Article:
Do you know what makes a good story?
Is it the art of putting words and images together? To apply sound, visual perspectives and to know how images and panels work on a page, how action flows or how to build a believable world for your characters? Or do we read a story because we want to know what happens next? Are we so captivated by the unexpected events and challenges that we don't care that much about color, the lines or the quality of the drawings as long as we experience how a character fights, matures, gains meaning or saves somebody. We want to be right in the moment with them and experience their troubles, and learn something for our own lives.
We want to show who a character is by giving them a best bad choice or an option between two irreconcilable goods. A character's personality is always defined by their action and a great way to build empathy for them. And comic book stories are not just action. They can dive deep into a character's mind even though we are not writing an 80.000 words novel.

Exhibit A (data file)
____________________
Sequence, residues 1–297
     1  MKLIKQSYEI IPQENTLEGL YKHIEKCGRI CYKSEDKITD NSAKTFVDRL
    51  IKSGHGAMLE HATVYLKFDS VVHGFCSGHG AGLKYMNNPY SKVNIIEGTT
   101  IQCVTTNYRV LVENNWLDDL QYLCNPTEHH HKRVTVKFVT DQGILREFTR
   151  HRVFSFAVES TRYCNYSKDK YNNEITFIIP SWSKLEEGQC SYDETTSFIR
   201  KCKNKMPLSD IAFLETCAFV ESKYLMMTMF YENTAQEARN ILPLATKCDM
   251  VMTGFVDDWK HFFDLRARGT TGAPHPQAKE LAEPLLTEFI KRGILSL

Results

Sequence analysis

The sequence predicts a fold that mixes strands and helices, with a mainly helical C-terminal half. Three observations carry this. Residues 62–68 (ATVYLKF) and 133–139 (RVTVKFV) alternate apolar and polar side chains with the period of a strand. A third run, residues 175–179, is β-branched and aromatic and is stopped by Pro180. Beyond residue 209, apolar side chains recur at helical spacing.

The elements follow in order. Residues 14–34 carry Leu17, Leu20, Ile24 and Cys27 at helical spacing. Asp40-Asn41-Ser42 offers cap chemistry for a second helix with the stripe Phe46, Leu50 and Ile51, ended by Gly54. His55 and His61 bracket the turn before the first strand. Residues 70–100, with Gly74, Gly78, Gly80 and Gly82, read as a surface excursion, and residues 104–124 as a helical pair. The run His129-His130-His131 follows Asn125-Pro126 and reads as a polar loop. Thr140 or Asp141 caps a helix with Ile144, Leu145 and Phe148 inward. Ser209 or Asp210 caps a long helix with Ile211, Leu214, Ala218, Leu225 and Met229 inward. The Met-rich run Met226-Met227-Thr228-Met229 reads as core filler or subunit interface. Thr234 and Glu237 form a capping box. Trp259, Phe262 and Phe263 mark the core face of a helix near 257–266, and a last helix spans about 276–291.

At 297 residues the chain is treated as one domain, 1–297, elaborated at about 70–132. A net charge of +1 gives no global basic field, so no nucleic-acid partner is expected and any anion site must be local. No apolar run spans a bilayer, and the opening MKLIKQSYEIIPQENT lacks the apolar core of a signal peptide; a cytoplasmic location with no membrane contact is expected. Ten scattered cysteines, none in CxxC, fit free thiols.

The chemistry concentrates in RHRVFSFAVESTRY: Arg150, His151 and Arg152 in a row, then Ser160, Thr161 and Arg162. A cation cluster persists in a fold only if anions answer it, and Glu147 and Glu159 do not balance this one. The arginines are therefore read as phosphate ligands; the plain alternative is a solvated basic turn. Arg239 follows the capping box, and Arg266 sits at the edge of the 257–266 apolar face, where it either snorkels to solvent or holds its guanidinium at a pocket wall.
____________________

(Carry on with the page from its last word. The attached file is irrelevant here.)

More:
Does a story have a structure?
In other words, is there a way to break down the infinity of creative possibilities so that the dream of one's own comic book series or graphic novel can be mastered? Achieved so well that the readers will be moved by the story?
Creating stories has nothing to do with talent.
If you have a story within you that you want to tell, you can write it.
Stories have structure. If you agree with me that a story has a beginning, a middle, and an end, we take the first step into accepting that the craft of storytelling can be learned.
Of course, you want to create awesome artwork, find the best colors for your theme and discover the best images and panels that will all show the great artwork that went into your comic book. But first and foremost, before you draw or hire an artist, the story has to work.
The story must meet the expectations of the reader. Know your genre. And know how each scene can be done to propel the plot forward. And make sure how the global arch of the story is drawn from the beginning to an inevitable but surprising end.
I look forward to helping you create an authentic story, with strong, empathetic characters in every kind of setting.
As we say in our Story Grid Universe: Don’t waste your words (or panels). Write a book that works.